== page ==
Passenger trains[edit]

See also[edit]

References[edit]

Notes
Citations
  1. ^ a b c d "Coast Line History" (PDF). The Ferroequinologist. June 1984. Retrieved 23 May 2018.
  2. ^ "New Bonds Unite Los Angeles with the Northern Metropolis". Los Angeles Herald. 29 December 1900. Retrieved 23 May 2018.
  3. ^ Institute For American Research. "Chronology of Goleta Depot" South Coast Railroad Museum website. Accessed 30 October 2013
  4. ^ Ryan, MaryEllen and Breschini, Ph.D., Gary S. "Railroads of the Central Coast—An Overview" Monterey County Historical Society Website Accessed 23 March 2014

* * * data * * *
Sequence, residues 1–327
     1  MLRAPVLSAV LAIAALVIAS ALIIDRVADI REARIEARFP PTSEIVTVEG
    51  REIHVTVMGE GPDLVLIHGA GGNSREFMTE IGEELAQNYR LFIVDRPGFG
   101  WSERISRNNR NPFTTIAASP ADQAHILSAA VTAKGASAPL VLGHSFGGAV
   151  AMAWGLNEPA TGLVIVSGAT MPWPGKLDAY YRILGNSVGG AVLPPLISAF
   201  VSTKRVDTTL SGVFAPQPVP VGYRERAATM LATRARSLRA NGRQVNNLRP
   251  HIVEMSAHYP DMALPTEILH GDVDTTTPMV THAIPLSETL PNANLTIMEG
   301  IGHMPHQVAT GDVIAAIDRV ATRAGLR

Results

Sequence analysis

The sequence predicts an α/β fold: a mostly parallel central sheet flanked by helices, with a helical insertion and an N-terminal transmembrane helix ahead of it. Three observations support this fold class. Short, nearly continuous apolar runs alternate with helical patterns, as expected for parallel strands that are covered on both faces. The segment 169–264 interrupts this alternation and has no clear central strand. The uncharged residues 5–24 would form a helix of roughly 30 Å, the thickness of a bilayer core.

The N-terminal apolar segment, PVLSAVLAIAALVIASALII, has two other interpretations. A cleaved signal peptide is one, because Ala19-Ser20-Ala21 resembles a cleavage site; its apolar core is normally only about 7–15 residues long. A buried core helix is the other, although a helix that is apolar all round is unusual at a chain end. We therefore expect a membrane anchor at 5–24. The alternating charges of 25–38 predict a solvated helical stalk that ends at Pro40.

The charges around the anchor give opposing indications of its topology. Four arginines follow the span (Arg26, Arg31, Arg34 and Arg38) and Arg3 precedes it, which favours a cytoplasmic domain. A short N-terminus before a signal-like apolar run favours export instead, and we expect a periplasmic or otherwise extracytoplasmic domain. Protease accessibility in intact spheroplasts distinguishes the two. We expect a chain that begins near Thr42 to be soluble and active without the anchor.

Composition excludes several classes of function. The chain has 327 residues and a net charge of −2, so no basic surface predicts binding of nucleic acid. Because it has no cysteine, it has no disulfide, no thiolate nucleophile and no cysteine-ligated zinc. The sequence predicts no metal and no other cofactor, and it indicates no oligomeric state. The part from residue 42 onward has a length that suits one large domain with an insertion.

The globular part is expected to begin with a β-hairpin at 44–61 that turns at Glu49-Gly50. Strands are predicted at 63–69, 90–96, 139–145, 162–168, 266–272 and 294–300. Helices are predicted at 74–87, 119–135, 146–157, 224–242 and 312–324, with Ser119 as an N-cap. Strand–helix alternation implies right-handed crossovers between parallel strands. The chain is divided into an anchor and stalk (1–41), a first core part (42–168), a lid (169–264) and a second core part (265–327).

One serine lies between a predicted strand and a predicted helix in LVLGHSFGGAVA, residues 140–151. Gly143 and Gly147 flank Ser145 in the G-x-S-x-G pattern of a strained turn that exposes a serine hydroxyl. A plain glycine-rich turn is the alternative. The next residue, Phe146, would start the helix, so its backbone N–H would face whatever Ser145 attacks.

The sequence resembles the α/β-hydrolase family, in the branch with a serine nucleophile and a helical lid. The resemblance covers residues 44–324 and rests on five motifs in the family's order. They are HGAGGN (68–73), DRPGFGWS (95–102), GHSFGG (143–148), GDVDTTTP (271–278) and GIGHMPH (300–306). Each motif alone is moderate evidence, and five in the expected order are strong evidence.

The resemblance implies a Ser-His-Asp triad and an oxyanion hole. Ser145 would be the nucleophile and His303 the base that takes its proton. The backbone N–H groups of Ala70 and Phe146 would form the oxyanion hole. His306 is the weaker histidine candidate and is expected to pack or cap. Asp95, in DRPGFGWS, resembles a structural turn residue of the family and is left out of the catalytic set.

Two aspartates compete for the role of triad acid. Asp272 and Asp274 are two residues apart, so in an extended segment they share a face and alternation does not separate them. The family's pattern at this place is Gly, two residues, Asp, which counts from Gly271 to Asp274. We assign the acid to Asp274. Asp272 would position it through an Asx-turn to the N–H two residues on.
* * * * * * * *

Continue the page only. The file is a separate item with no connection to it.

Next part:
5. ^ "Southern Pacific Company, 20th Annual Report" (December 10, 1904) The Economist
  6. ^ "CHATSWORTH PARK CUTOFF LINE OPENS TODAY" Los Angeles Herald 20 March 1904. Volume XXXI, Number 173, page 2
  7. ^ SMA Rail Consulting (April 2016). "California Passenger Rail NETWORK SCHEMATICS" (PDF). California Department of Transportation. p. 6.
  8. ^ Kaufman, Lawrence H (30 September 1992). "LA transit agency gets option to buy SP's Coast Line route proposed for high-speed use". The Journal of Commerce. Retrieved 13 June 2018.
  9. ^ Norbom, Mary Ann (30 August 2016). "Ride historic railcars along the coast". Santa Ynez Valley News. Retrieved 3 September 2016.
  10. ^ Clerici, Kevin (January 9, 2011) "Camarillo meeting to address train projects" Ventura County Star
  11. ^ Lozano, Carlos V. (April 29, 1992) "SANTA CLARITA : Panel Says Rail Line to Cost $45 Million" Los Angeles Times
Bibliography

External links[edit]